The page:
Now, what comes with a traditional hatchback like this one is you are going to feel like you are sitting much closer to the ground than that of an SUV, but that does not hinder visibility really much at all inside this vehicle.

As I have great forward visibility over the hood, believe it or not, this is actually one of the few vehicles that I get in and I actually had to raise the seat up just a little bit because it sat so low inside the vehicle. I wanted to get just a little bit more visibility over the dashboard and the gauge cluster hood in front of me.

You do have door-mounted mirrors which help with outward visibility on the sides of the vehicle, although the A-pillars are a little bit on the chunkier side.

So, depending on the angle that you are turning and what size vehicle you’re looking for out of your left or right-hand side, the A-pillars can get in the way just a little bit, but to me, it’s not really a big deal.

The biggest visibility issue I have with this vehicle is going to be towards the rear of the vehicle, specifically the large C-pillars on the left and right-hand side, and the rear hatch glass is a little bit on the smaller side, just the shorter side as well. But I would say that’s kind of a very minor issue in comparison to maybe your blind spots with those C-pillars.

Luckily, this vehicle comes with blind spot detection, which integrates extremely well with the heads-up display as well as of course gives you the little indicator on the side view mirrors, so that helps out a lot.

And I would say as long as you’re confident in driving with visibility that’s not optimal per se, this does have somewhat of a coupe-like feel to it given the beltline and the roofline is fairly close to each other, not a huge difference in height there.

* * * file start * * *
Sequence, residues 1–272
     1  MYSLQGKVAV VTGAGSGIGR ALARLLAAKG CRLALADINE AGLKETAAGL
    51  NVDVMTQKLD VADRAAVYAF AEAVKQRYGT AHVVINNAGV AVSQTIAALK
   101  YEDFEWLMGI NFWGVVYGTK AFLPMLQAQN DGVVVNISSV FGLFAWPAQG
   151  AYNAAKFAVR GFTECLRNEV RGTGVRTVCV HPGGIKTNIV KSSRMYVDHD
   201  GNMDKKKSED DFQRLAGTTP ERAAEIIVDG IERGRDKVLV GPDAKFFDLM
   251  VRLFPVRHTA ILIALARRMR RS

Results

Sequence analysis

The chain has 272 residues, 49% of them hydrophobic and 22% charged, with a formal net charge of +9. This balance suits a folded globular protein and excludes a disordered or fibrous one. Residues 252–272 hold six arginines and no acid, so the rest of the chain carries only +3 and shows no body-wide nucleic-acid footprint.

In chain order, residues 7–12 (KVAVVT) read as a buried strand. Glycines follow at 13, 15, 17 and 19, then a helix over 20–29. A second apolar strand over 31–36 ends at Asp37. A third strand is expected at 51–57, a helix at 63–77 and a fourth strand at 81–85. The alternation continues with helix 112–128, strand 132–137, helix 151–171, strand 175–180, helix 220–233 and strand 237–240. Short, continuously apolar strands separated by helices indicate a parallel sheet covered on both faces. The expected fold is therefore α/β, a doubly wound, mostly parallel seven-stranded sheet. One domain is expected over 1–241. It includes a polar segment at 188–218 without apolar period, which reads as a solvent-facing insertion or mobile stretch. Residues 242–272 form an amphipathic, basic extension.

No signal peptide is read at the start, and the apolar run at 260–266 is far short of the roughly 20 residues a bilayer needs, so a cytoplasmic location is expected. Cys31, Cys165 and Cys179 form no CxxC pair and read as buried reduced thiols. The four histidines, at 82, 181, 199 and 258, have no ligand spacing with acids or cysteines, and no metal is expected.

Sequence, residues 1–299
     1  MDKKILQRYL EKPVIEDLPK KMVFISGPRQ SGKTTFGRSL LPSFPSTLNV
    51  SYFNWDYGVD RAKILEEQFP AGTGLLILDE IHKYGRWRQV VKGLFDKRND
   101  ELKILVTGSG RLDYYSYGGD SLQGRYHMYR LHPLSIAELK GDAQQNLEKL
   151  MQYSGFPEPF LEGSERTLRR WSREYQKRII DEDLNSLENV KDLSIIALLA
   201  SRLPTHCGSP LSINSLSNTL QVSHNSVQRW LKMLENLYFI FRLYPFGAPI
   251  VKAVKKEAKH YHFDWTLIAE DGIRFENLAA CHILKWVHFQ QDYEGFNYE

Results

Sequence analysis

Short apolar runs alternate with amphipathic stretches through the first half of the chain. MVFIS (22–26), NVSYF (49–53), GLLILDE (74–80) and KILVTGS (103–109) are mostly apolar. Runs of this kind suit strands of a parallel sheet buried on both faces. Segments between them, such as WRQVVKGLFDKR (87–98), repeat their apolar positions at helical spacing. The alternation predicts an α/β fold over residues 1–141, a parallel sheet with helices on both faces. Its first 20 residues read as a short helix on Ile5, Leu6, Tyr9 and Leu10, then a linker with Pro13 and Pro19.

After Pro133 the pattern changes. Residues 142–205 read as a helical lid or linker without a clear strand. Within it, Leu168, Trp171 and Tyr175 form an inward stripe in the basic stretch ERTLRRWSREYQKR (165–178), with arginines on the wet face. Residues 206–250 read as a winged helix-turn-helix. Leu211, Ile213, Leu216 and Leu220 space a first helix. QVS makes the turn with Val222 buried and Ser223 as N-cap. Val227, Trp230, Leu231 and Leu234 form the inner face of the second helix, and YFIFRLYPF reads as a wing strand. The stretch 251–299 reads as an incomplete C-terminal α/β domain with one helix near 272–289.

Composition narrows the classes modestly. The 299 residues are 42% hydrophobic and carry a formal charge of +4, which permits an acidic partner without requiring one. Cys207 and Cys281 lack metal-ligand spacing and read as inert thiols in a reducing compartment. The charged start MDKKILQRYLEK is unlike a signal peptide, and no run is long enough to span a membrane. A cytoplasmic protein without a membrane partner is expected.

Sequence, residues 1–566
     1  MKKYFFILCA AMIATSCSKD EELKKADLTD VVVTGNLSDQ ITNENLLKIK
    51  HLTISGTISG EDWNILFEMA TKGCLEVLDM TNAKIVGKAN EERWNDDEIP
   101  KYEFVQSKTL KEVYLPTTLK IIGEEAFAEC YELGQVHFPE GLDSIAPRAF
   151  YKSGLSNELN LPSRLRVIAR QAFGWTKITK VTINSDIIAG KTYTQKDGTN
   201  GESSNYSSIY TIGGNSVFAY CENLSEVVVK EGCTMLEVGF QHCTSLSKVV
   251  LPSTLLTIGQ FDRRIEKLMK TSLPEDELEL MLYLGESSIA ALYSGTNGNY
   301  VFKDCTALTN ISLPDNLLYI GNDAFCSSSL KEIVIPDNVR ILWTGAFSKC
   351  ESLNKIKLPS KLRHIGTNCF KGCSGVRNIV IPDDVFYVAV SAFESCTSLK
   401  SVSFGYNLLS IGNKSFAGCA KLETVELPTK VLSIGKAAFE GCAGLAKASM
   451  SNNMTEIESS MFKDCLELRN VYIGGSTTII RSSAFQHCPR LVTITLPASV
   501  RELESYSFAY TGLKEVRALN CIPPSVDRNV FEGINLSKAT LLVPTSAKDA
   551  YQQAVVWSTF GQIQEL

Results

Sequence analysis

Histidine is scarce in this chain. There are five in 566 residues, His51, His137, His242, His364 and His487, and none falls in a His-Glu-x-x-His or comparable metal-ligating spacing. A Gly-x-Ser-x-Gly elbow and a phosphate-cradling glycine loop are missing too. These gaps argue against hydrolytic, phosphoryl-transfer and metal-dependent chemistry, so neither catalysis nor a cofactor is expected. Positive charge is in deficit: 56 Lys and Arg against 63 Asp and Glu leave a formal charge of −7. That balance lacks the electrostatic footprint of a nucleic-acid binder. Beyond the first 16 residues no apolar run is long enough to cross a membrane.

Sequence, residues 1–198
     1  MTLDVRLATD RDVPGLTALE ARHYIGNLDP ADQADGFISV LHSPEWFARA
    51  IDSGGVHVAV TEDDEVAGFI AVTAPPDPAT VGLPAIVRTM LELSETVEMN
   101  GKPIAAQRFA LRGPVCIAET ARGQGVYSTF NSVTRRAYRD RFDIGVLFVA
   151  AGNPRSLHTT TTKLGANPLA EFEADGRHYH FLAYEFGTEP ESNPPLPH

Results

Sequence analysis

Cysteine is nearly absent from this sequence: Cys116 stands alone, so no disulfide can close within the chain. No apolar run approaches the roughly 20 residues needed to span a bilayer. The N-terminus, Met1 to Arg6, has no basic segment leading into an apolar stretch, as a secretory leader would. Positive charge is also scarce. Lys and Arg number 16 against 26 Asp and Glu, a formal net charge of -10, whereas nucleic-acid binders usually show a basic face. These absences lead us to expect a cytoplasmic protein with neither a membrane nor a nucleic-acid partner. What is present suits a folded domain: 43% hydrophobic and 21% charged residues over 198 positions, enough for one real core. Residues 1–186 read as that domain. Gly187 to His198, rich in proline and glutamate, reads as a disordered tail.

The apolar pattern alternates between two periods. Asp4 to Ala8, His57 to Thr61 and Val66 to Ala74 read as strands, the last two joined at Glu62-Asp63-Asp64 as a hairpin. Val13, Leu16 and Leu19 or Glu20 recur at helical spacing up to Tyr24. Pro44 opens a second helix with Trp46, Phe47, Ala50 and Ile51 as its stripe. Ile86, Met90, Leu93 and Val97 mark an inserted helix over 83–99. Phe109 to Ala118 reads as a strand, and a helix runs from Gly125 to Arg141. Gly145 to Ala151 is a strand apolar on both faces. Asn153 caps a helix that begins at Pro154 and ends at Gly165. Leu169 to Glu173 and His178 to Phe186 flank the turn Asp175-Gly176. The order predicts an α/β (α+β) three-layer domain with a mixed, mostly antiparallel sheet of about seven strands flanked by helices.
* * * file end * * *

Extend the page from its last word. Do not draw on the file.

Is it a issue?

I would say it’s really not an issue for many people out there but I could see a few people complaining about certain aspects of the visibility. Now outside of that, in terms of the Interior feel, ergonomics, and everything in that department, this car feels like a premium mainstream brand, borderline luxury with what they’ve equipped and appointed the Interiors with.

Of course, you have the leather seating Services, nice soft-touch door panels throughout, with a slightly different texture up top. Leather stitching with the accent brown color on the door panels matches very nicely here on the seating surfaces. The technology inside the cabin is pretty high-end for a vehicle in this segment once again, with a partially digital gauge cluster, 10.25-inch infotainment system with wireless Android Auto and Apple CarPlay.

Of course, I’ve already mentioned the heads-up display in front of the driver, which is fairly configurable. Dual Zone automatic climate control, heated front seats, heated steering wheel, and most of Mazda’s current driver assistance Technologies, including the low-speed traffic assist, which works I believe below 40 mph. It will do Lane centering as well as the adaptive cruise control and everything like that.

Above 40 mph, it turns into more of a lane-keeping assist system with the radar-based adaptive cruise control, blind spot detection, etc.

What it lack’s?

What it lack's?
What it lack’s?

I just think there is a little bit shortfall in terms of some of the driver assistance technology, not so much the infotainment system and stereo system here on the inside, when it comes to some of the shortcomings and performance of those items.